Microsoft has developed a pair of tools that use computer vision and natural language processing artificial intelligence software to help people with visual impairments better understand their surroundings. One of the tools, called Seeing AI, is an app that can be used with special glasses or a smartphone to provide users with a detailed audio description of their surroundings, such as the age, gender, and expressions of nearby people. The other tool, CaptionBot, is a prototype website that can provide detailed descriptions of user-uploaded images. The tools are part of Microsoft’s Cognitive Services project, which focuses on developing new apps and services powered by machine learning.
A joint initiative from Harvard University, the University of Oxford, and Dubai’s Museum of the Future called the Institute for Digital Archeology is using 3D-modeling and robotics to recreate a detailed replica of a Roman monumental arch from the second century destroyed by ISIS militants in Palmyra, Syria. The Institute for Digital Archeology compiled dozens of photographs of the arch to create a detailed 3D model, which robotic stone-carvers are using to create a 12-ton, 20-foot-tall scale replica in Carrara, Italy.
Researchers from Harvard University and the National Center for Atmospheric Research have developed a model for predicting heat waves in the eastern United States up to 50 days in advance by analyzing ocean temperature data. The researchers’ analysis revealed that extreme heat in the eastern U.S. have historically been preceded by patterns of anomalous surface temperature readings in the Pacific Ocean seven weeks in advance. By knowing when a heat wave is likely to occur, utility companies, farmers, and other industries and services impacted by extreme weather can better plan resiliency measures.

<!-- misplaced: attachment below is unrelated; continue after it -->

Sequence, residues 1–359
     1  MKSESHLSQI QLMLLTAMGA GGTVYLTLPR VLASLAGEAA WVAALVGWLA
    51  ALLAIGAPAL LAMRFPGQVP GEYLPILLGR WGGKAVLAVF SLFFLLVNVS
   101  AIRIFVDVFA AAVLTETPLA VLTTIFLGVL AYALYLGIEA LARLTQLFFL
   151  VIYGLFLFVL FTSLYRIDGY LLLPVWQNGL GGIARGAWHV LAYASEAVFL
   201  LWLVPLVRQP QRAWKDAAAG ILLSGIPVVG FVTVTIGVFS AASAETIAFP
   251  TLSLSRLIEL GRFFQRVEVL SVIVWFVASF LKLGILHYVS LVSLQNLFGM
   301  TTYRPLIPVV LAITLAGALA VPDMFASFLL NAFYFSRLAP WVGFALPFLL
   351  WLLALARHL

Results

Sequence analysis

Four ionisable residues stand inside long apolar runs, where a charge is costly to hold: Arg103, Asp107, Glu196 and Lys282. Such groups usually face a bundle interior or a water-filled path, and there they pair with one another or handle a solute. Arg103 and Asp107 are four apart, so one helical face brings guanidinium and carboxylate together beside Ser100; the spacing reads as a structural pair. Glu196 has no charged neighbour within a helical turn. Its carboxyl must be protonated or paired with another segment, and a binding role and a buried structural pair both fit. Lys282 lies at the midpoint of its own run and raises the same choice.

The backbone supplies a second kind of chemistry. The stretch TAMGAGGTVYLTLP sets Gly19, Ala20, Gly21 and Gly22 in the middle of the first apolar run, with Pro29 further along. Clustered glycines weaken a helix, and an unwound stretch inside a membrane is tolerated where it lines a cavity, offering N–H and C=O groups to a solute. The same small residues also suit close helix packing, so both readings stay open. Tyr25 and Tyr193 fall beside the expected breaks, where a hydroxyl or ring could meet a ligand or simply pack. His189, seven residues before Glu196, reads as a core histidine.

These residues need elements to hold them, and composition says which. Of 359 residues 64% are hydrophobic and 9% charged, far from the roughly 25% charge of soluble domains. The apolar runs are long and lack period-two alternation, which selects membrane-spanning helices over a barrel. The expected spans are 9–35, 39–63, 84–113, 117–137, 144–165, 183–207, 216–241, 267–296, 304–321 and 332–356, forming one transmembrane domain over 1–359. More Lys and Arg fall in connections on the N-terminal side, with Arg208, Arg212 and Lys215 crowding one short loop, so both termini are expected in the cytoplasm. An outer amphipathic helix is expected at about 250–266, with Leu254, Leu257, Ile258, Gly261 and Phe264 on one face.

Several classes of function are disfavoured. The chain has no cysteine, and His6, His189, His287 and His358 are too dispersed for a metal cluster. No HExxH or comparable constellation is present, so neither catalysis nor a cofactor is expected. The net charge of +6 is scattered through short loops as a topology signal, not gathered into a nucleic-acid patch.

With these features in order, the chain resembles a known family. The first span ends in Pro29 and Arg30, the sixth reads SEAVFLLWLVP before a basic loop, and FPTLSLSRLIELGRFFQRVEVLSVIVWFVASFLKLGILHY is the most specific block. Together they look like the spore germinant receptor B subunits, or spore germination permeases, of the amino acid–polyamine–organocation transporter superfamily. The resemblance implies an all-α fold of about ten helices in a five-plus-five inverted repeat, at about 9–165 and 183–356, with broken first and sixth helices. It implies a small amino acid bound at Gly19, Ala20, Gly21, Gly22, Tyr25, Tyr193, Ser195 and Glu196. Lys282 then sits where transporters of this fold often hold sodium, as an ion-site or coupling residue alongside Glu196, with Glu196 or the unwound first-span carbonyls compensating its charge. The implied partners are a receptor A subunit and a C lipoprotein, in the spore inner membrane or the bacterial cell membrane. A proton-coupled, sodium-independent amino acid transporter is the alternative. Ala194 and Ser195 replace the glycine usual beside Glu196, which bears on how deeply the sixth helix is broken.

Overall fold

U.K.-based mobile navigation software company Citymapper has developed a new service called SuperRouter that can analyze costs, wait times, and routes for all methods of transportation, including public buses and trains, taxi services, walking, and cycling, to determine the fastest and most cost-effective routes possible. For example, SuperRouter can generate routes combining walking and a subway ride that will recommend substituting a particular portion of the subway ride with an Uber if a train is delayed.
Researchers at the Korea Advanced Institute of Science and Technology have developed a method to detect the presence of potentially dangerous bacteria on food using lasers and image analysis. The method involves shining a laser on a piece of food to analyze how the light scatters through it—when a piece of food has a large amount of bacteria on it, the microscopic movements of the bacteria will alter the results. By taking a rapid series of photographs and analyzing the subtle differences in the images, the researchers were able to identify the presence of bacteria. Though the technique cannot distinguish between different types of bacteria, it could serve as an effective precautionary measure to avoid foodborne diseases. Moreover, the equipment is cheap and simple enough to integrate into ordinary refrigerators.
Image: Jerzy Strzelecki.